Despite the U.S. Immigration and Customs Enforcement’s (ICE) decision to rescind their July mandate barring international students from attending American colleges if their courses are entirely online, students from around the globe are still faced with uncertainty and approach the new academic year with apprehensiveness.
On July 8, two days after the ICE policy was implemented, Harvard University, the Massachusetts Institute of Technology, and 200 other schools including the Ivy League, sued the Trump administration. The federal government repealed the new rule, which would’ve affected over a million international students.
Since then, ICE revised its policy so international students registered for in-person or hybrid courses will not be at risk of deportation if their schools move all classes online later in the fall semester.
ICE’s policy came under fire both domestically and abroad. When asked to describe his initial reaction, Shotaro Kajiura, a rising senior at Berkeley College in New York, said “It was shocking. I couldn’t believe what they were doing to us”.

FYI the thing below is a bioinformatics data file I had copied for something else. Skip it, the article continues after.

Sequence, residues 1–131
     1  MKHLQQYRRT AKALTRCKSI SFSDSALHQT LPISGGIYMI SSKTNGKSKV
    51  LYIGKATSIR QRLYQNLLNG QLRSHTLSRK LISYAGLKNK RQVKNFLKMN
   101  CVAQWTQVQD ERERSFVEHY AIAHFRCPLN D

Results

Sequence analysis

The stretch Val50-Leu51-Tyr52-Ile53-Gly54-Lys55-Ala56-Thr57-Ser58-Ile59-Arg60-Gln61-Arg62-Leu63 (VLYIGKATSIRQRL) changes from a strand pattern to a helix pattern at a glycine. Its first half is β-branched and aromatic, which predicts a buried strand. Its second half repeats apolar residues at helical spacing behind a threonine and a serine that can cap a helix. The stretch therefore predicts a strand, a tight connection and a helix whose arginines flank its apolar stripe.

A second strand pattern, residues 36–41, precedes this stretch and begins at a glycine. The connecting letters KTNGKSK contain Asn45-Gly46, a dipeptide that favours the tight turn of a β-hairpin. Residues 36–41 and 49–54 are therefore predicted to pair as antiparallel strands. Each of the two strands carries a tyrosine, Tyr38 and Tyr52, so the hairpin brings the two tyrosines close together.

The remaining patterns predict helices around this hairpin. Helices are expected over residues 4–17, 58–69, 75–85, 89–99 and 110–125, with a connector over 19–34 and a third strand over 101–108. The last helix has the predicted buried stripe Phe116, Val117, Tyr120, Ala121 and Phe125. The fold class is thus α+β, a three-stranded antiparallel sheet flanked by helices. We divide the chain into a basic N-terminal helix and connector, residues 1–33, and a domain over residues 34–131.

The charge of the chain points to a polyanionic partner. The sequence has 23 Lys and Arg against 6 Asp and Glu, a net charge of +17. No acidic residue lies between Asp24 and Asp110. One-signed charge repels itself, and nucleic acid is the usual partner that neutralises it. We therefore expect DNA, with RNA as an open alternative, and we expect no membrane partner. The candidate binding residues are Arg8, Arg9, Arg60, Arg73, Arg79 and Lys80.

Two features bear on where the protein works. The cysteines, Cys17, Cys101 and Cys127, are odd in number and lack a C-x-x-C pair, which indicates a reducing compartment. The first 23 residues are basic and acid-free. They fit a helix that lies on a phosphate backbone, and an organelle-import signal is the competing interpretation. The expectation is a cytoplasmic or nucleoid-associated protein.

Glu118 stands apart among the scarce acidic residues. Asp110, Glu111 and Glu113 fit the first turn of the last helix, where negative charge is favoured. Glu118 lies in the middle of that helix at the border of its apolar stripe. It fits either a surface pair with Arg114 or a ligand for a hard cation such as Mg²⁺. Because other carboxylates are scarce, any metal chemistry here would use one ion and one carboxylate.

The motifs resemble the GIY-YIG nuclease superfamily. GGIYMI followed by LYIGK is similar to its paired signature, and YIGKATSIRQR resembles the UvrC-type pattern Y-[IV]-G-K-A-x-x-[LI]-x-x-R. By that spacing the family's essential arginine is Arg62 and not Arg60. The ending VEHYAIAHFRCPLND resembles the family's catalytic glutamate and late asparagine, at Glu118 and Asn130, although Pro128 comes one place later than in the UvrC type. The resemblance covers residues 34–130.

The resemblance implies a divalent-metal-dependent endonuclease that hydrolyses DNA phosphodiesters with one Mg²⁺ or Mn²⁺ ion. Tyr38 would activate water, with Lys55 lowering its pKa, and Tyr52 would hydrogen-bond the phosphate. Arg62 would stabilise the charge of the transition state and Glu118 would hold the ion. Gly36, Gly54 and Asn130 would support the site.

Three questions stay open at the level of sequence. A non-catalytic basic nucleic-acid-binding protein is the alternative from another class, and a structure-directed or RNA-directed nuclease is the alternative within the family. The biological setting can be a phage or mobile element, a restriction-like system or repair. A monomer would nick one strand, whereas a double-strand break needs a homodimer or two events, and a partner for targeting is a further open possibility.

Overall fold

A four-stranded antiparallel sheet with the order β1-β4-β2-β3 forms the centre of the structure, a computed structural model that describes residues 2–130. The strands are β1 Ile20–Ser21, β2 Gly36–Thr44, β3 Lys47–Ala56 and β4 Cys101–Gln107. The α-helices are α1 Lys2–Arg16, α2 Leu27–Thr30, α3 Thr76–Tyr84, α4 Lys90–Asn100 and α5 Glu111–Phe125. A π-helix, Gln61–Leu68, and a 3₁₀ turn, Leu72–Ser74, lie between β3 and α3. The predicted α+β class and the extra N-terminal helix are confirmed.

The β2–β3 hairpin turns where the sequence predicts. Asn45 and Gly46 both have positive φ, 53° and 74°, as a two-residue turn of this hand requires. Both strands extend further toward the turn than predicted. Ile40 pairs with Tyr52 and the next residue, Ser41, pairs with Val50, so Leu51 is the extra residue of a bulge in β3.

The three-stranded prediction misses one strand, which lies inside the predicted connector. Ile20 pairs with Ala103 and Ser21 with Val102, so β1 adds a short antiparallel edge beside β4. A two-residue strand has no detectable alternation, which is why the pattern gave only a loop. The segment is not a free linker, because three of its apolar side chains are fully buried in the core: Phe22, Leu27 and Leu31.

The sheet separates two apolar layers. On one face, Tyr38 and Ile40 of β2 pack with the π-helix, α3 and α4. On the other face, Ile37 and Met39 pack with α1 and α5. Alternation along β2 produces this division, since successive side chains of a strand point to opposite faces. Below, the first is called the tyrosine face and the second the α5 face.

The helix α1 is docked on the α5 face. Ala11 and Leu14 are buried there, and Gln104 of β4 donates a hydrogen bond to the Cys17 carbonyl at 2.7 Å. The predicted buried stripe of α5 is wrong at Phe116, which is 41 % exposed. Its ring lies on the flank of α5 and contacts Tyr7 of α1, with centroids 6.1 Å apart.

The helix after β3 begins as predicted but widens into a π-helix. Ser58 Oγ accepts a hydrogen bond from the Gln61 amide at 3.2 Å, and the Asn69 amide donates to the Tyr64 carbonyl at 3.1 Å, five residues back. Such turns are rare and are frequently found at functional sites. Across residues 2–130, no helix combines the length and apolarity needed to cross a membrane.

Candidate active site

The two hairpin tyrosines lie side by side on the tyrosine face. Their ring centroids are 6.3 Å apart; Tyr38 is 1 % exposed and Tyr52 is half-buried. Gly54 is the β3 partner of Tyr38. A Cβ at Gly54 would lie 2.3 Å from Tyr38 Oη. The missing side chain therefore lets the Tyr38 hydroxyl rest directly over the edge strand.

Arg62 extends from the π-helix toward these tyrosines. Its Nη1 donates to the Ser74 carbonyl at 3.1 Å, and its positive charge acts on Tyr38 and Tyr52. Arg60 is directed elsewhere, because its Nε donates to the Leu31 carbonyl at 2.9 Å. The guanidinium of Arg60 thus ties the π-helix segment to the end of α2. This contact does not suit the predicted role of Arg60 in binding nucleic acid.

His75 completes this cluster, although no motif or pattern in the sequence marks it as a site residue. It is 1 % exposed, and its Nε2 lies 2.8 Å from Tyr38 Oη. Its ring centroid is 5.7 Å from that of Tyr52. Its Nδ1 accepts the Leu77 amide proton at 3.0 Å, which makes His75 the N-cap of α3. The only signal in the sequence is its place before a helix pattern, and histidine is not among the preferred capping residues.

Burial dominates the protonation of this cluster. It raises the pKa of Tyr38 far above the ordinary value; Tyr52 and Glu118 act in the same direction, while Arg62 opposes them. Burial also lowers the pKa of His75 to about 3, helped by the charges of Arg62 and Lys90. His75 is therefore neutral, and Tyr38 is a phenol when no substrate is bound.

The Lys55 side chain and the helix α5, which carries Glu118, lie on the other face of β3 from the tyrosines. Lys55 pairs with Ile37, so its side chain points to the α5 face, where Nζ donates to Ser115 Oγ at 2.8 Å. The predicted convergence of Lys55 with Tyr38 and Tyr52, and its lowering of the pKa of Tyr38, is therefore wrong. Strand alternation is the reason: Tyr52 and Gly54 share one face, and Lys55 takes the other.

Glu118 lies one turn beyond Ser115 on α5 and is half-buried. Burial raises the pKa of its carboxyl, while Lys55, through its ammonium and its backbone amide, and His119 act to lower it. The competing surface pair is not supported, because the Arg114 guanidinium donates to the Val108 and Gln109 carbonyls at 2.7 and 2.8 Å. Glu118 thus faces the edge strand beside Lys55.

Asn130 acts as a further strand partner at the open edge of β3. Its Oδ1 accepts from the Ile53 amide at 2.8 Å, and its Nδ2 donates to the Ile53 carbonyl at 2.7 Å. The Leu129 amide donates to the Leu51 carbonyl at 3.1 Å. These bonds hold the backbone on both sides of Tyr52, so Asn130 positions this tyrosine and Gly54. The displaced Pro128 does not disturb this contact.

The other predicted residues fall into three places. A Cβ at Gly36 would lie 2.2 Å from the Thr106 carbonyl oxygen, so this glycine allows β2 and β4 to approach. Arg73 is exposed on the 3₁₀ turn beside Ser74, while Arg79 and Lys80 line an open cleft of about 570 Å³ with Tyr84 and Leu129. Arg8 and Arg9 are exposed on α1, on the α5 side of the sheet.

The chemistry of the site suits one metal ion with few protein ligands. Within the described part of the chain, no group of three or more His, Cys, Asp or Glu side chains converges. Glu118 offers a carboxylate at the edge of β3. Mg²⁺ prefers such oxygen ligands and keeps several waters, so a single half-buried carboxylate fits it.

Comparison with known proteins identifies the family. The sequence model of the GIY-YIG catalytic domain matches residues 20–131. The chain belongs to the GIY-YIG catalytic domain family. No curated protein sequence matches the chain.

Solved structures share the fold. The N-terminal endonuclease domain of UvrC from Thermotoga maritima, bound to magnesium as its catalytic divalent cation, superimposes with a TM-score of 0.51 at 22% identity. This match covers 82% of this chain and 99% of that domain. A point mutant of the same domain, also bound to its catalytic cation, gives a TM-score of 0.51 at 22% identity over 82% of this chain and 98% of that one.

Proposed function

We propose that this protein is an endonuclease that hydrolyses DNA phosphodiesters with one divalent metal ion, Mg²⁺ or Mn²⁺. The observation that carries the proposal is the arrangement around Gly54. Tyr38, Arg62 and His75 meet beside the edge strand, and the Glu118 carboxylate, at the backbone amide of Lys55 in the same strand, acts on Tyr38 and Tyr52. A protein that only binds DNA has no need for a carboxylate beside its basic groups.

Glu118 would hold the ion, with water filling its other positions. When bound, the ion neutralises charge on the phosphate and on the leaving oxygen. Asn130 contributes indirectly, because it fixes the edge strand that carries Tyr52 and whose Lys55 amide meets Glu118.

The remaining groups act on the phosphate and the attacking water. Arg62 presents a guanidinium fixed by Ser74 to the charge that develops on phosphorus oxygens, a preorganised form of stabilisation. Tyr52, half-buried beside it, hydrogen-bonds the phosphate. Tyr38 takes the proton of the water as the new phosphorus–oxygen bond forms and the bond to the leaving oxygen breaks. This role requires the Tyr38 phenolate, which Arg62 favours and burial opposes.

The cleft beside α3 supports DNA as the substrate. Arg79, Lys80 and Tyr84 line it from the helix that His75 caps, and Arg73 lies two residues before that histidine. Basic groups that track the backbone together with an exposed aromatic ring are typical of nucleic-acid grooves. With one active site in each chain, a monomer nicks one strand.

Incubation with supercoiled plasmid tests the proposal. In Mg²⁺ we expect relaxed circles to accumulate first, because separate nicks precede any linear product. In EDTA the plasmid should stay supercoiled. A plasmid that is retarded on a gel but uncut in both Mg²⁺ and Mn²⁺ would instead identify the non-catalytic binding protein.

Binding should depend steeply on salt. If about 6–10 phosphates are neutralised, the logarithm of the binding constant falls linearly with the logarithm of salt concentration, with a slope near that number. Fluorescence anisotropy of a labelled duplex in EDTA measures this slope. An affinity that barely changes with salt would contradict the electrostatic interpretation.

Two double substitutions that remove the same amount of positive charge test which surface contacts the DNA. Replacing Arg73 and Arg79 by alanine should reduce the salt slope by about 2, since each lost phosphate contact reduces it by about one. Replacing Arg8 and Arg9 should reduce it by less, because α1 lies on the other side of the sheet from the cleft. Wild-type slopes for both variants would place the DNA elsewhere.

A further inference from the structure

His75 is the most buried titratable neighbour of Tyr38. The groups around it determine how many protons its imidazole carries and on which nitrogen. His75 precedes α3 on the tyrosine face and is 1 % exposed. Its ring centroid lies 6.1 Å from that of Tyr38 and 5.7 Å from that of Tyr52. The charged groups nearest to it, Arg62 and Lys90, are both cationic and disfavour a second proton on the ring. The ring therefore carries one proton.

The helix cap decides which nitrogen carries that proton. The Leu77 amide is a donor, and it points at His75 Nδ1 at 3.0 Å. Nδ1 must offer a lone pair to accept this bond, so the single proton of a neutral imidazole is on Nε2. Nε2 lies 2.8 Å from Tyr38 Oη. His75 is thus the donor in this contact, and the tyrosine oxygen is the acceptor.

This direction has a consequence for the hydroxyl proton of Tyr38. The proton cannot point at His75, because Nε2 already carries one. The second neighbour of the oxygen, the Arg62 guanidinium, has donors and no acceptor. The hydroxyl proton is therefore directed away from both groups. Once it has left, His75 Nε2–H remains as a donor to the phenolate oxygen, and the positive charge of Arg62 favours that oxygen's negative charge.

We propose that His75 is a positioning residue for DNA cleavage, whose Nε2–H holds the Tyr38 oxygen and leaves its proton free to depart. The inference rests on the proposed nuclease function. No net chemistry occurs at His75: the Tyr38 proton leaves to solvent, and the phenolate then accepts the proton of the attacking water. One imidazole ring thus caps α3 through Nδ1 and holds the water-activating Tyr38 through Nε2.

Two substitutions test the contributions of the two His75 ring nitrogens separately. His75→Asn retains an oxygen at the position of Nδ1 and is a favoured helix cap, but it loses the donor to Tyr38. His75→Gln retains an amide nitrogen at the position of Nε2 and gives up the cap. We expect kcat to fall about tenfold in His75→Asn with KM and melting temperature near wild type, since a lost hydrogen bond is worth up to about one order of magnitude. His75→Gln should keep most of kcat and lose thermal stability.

Kaijura, an international student from Japan, plans to return to the U.S. in late August to attend his one in-person course, but for students like him, sudden immigration policy changes can create major disturbances to their academic lives.
“Even though the ICE’s announcement was rescinded, [there is a] fear that it could change again and get complicated,” said Gigi Rodriguez, an international student from Panama and rising senior studying at a 4-year university in Massachusetts.
Universities struggle with slow visa processing
The COVID-19 pandemic has already caused significant changes to higher academia, and the new regulations added another challenge for American universities as international students seek assistance with their student visas. While some colleges are responsive and provide regular updates, others are understaffed and fail to respond to students in a timely manner.
Kajiura said his school didn’t effectively communicate with their international students prior to shutting down, forcing him to contact his academic advisor and complete the visa process on campus before returning to Japan.